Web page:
Sooty-Bark Disease of Maple

Chris Rippey Chris Rippey
Rippey Arboriculture, LLC
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In February and March of 2020, samples taken for DNA Sequencing from a declining Sycamore maple (Acer pseudoplatanus) and red maple (Acer rubrum) in Seattle, Washington came back positive for Cryptostroma corticale, also known as Sooty-Bark Disease. This is the first time this disease has been found in red maple. 

Sooty Bark Disease attacks and kills the cambium and bark of infected trees resulting in canopy decline and eventually death. This pathogen is from northeastern America where it does not cause disease. It was introduced to Europe where it has caused a disease in field maple (A. campestre), Norway maple (A. platanoides) and box elder (A. negundo). 

Signs of this disease include twig or branch dieback, brownish necrosis with green margins in the cross section of infected trees and shedding of bark to reveal brown-black fungal masses. Like many fungal infections, the incidence of this disease is expected to increase with higher temperatures and drought conditions.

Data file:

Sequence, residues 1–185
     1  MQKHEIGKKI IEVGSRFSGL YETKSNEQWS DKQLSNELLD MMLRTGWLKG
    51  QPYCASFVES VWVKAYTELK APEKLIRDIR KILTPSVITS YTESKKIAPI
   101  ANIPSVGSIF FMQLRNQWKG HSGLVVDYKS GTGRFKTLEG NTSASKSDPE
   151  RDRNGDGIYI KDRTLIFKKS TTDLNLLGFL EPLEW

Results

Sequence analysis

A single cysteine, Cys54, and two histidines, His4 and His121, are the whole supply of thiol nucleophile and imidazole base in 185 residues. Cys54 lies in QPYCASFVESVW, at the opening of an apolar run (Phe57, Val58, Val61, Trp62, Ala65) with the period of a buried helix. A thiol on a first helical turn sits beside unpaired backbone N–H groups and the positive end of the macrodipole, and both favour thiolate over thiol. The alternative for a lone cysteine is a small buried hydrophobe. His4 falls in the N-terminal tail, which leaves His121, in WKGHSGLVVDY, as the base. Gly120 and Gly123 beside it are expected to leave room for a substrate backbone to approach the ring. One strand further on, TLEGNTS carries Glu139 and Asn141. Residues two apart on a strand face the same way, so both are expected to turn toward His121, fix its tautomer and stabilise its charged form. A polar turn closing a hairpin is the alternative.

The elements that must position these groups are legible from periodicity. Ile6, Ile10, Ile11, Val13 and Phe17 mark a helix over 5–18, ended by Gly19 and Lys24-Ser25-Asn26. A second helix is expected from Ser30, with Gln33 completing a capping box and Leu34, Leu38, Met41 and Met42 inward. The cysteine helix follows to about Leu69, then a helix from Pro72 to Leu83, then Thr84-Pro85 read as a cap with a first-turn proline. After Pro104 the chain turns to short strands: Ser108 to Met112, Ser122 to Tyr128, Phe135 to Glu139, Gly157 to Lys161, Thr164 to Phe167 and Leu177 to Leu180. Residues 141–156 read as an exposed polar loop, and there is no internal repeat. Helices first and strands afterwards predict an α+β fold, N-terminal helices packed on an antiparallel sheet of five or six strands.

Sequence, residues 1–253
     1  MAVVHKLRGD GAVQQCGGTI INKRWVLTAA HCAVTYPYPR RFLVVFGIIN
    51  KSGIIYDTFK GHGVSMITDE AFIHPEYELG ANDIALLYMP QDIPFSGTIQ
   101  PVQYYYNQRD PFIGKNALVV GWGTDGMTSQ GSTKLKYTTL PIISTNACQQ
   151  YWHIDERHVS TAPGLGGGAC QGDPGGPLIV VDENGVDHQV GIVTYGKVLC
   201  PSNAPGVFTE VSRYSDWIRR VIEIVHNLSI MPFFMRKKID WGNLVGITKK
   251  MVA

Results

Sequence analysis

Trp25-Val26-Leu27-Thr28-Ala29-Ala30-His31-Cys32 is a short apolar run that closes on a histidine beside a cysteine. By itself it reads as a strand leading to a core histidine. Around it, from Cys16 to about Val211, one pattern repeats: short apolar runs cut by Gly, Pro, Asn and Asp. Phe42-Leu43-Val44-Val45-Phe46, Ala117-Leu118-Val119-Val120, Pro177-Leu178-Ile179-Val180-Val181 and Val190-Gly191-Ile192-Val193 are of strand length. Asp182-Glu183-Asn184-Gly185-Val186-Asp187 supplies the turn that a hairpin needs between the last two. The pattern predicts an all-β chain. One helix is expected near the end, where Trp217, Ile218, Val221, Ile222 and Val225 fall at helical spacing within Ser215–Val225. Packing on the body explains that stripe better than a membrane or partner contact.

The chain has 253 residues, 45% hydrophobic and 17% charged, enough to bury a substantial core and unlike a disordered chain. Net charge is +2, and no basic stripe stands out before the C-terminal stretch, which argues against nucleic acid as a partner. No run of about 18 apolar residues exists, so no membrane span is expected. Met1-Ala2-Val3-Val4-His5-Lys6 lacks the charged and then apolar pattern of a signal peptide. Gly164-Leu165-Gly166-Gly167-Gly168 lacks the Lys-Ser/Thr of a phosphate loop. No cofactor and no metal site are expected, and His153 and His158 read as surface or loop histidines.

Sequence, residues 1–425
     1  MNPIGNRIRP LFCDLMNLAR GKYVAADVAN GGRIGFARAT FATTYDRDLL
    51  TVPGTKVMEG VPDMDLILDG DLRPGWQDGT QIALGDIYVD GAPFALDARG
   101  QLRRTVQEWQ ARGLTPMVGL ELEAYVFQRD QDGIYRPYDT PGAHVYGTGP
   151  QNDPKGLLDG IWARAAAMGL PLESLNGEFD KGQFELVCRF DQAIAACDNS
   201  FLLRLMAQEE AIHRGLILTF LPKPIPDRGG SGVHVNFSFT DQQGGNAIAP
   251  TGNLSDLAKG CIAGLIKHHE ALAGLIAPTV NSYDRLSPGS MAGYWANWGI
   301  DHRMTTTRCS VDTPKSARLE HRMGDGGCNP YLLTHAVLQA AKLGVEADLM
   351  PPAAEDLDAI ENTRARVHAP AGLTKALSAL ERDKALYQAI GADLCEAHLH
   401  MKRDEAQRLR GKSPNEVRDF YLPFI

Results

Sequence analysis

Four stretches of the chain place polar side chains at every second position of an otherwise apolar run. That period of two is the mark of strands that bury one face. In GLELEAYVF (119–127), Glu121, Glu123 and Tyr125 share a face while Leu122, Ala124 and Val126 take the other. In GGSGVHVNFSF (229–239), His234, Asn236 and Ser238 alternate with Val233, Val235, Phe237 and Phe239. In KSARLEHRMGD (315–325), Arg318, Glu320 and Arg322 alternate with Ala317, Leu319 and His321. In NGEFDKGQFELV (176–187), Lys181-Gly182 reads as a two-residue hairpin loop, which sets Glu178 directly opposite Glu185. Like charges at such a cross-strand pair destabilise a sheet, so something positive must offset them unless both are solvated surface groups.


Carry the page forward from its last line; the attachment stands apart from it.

Most importantly, the fungal spores of C. corticle are hyper-allergenic and can cause what is known as  hypersensitivity pneumonitis, a disease found among paper mill workers who dubbed it “Maple Bark Stripper’s Disease”. Recommendations have been made in Europe to protect both people and trees from infection, such as keeping the public away when working on infected trees, performing work in wet weather to minimize spore spread, not using the wood of infected trees for firewood, covering loads while in transit, and burning debris from infected trees.

Please consult with your company’s safety representative to develop work protocols related to this disease and to determine requirements for Personal Protection Equipment.